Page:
As conflicted as we may be about technological disruption in the translation industry, technology is here to stay. So in the second part of our International Translation Day Event, I really wanted to give an opportunity to all translators who had joined us to really voice their concerns and challenges, but also think about ways in which they can embrace technology to make their own work better, more efficient and productive. This had to be done in a way that would acknowledge that this is not an easy conversation with straightforward answers. That is the reason I opted for two activities that are part of the Liberating Structures framework, which is, in the words of its authors, meant to “enhance relational coordination and trust” fostering participation in groups of any size and making it possible to truly “include and unleash” everyone. Liberating Structures are themselves a form of “disruptive innovation” engaging members of a group in new ways that are less constraining than traditional approaches, focusing on including and engaging everyone.
In the first activity, called Wicked Questions, participants were invited to work individually and then in groups, trying to formulate questions using a specific format to capture the paradoxical challenges that translators today have to overcome in the face of technological disruption. By intentionally trying to formulate paradoxical challenges, participants were encouraged to look for possibilities that might not be intuitively obvious, moving from a “yes, but” and “either/or” type of mindset to a more solution-oriented approach.
A lot of great questions were generated in the group conversations, but the audience agreed that the most thought-provoking one, that would turn into the starting point of the next activity, was: “How can I embrace translation technology fully and market myself as a human translator at the same time?”
With this question, that emerged through the active dialogue that was at this point happening in the room, we started our second activity, called 15% Solutions, where our focus was on discovering what each person has the freedom and resources to do now. It is an activity meant to “demonstrate that in most challenging situations there is no reason to wait around, feel powerless or fearful”, as we might do when faced with technological disruption in our work. So participants spent the following 20 minutes creating lists of things they could personally do in order to start addressing the challenge of marketing yourself as a human translator while embracing technology fully. The conversations around the room became even livelier and I believe many people left with a pretty good list of things they would be undertaking to embrace technology in their work.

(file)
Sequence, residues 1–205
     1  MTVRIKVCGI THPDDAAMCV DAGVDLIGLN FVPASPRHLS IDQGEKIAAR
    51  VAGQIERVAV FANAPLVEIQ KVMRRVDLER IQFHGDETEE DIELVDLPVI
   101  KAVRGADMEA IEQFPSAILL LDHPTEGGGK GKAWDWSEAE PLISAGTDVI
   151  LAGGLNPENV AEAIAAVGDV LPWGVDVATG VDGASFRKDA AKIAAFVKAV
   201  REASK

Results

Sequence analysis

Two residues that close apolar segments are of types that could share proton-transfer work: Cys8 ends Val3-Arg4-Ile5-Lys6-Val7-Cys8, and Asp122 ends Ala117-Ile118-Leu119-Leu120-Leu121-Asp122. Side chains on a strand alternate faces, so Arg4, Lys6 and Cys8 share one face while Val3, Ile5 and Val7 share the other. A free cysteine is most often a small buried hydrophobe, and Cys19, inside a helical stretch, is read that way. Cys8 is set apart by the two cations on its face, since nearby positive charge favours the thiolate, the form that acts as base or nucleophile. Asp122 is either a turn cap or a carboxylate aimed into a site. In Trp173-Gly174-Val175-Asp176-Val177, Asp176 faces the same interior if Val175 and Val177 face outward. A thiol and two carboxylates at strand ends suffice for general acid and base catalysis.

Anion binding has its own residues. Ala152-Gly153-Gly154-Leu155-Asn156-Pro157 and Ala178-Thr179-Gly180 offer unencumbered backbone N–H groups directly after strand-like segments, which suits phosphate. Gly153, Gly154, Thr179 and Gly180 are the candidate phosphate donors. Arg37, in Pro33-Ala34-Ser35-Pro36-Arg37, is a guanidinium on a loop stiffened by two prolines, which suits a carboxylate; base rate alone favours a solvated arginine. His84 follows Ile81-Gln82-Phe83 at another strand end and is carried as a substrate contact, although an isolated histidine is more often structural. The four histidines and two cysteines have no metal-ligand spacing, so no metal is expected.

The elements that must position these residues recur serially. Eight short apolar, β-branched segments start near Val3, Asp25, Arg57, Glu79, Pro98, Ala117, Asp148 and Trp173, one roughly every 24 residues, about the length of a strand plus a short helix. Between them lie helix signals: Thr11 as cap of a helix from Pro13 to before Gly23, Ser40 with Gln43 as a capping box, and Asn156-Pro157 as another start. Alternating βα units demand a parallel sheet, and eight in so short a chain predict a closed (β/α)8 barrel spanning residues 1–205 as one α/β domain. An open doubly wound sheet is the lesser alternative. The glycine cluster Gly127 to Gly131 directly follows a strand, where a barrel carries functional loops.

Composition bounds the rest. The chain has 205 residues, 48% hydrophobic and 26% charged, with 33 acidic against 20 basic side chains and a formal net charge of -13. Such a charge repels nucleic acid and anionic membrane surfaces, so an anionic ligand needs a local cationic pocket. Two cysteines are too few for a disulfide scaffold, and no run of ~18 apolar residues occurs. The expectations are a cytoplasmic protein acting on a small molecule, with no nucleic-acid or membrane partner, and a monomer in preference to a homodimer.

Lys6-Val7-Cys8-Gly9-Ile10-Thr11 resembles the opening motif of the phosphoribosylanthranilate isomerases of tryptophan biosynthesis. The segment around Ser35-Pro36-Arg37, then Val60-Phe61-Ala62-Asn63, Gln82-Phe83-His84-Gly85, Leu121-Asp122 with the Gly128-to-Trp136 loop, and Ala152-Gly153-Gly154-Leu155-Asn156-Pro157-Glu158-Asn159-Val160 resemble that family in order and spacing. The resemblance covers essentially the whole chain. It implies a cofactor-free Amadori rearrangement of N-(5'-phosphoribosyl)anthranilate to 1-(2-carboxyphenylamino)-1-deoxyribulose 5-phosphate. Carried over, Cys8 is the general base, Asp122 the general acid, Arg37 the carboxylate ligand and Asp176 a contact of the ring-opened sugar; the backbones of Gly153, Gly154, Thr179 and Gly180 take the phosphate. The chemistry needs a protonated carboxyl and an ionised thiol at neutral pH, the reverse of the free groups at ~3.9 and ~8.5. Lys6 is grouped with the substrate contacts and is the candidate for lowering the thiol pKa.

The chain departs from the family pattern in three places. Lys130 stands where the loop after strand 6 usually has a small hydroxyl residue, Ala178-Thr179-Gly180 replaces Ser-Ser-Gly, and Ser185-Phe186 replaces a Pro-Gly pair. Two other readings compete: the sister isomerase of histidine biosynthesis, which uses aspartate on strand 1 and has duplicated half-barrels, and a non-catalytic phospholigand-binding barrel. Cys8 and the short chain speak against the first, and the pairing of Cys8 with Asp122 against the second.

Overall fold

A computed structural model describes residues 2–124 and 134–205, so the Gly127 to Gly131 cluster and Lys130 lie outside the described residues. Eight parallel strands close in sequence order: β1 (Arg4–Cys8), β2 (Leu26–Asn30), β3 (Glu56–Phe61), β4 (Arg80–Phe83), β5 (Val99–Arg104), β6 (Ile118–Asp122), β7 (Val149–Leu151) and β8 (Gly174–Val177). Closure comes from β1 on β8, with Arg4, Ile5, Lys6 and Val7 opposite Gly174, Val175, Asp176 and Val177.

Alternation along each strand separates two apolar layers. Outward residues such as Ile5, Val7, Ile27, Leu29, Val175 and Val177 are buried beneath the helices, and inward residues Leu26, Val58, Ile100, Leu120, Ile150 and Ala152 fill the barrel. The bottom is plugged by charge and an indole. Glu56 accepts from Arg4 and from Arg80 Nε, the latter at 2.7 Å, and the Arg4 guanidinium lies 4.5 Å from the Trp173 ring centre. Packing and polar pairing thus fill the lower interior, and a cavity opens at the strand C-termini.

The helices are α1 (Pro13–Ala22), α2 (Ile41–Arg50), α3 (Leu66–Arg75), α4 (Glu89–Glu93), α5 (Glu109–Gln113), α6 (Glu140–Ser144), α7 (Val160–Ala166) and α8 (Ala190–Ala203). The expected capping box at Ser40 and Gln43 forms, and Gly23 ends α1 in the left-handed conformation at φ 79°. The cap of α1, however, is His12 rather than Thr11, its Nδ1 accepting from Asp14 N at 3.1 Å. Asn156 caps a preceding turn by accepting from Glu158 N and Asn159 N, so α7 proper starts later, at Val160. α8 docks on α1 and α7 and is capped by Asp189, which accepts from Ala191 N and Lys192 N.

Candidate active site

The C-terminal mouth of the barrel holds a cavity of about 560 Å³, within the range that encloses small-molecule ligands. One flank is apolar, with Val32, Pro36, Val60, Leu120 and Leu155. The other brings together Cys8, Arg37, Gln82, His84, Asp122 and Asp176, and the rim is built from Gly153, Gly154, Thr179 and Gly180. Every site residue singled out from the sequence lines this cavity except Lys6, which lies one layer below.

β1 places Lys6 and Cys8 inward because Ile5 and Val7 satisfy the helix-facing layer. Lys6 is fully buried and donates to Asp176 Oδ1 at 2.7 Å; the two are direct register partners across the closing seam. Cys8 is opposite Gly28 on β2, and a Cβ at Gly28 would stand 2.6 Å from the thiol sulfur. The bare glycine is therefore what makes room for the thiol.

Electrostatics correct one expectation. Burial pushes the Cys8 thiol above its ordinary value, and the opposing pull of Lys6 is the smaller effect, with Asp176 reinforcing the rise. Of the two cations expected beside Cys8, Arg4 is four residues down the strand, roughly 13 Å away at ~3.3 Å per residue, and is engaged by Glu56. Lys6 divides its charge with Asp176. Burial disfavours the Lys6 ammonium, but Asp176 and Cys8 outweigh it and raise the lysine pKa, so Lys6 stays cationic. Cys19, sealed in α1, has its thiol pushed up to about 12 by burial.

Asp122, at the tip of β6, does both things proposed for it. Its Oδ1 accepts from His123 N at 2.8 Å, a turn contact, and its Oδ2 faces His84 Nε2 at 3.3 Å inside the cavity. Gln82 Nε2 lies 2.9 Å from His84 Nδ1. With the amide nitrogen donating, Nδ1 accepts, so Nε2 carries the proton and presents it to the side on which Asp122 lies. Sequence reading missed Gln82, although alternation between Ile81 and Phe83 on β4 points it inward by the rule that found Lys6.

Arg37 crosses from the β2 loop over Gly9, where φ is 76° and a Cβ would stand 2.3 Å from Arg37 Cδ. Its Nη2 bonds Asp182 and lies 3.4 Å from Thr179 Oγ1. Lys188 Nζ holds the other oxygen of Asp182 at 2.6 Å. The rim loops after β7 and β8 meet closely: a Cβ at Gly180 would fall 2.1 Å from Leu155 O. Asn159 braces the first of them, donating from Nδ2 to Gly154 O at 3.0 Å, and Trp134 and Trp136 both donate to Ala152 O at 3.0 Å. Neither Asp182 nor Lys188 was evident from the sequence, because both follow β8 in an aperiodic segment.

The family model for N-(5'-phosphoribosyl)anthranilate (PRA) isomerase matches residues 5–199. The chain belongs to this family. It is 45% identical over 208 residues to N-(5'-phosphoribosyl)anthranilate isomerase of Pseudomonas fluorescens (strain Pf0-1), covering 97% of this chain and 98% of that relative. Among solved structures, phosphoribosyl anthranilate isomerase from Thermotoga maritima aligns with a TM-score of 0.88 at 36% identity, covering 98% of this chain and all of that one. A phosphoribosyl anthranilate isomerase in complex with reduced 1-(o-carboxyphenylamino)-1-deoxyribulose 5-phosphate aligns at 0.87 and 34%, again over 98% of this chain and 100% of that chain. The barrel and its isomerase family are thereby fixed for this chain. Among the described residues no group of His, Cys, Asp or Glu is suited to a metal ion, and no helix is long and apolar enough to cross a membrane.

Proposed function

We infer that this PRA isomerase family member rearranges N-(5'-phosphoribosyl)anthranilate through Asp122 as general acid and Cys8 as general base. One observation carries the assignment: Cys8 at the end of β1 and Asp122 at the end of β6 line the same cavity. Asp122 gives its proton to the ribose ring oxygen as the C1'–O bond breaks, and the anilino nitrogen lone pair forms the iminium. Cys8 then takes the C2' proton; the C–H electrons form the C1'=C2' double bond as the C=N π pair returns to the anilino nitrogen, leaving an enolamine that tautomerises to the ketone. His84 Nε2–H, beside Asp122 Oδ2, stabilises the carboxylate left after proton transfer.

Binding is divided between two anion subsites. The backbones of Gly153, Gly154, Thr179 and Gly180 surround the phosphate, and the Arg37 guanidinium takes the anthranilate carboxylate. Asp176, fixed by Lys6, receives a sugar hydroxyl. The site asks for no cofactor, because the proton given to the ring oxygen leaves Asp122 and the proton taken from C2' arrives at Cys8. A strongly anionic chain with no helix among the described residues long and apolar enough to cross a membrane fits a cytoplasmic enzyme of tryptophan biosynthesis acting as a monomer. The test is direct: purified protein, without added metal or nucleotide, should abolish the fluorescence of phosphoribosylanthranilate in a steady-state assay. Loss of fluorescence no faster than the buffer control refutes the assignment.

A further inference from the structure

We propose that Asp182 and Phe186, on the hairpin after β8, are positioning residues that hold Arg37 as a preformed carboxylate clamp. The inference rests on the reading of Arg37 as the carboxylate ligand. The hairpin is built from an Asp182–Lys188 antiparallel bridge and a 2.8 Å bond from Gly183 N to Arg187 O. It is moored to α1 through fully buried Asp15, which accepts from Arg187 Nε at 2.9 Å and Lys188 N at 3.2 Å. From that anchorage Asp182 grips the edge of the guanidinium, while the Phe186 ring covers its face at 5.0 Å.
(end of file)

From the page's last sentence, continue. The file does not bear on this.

Then, we shifted our focus completely, and turned instead to the toll that our work, especially in our super fast-paced world, is taking on us and to the issue of self-care. While we may often get a great sense of satisfaction in our work, our jobs as language professionals also come with a downside. We often work alone and in isolation. Our work is intellectually demanding, as it requires constant focus, but not always emotionally rewarding, as we often do not have contact with the end users of our work. And, of course, the unprecedented number of disruptions we are faced with in our contemporary lives can make us feel like our work is never finished, so that our sense of accomplishment is often delayed.
So in the final part of our event we invited participants to join us in turning our attention to ourselves, so that we can be mentally prepared to welcome the opportunities that technological disruption is bringing into our lives, both professional and personal, without being overwhelmed, facing the challenges of incessant change and constant disruption with awareness and intentionality.
Andy Puddicombe’s TED Talk on the benefits of mindfulness was followed by 6 personal stories from the newly released documentary, On Mediation, where experienced meditators using different types of meditation practices, share the different ways in which they have made meditation a part of their lives, and how this has transformed them.
It was definitely a great pleasure to host this event in celebration of International Translation Day, and I can only hope that those who have taken time out of their busy schedules to celebrate with us have also found it a great opportunity to network with colleagues and engage in the conversations that we need to have in order to be prepared for what the future might hold in store for us, translators, our profession and our industry.
By Veronica Costea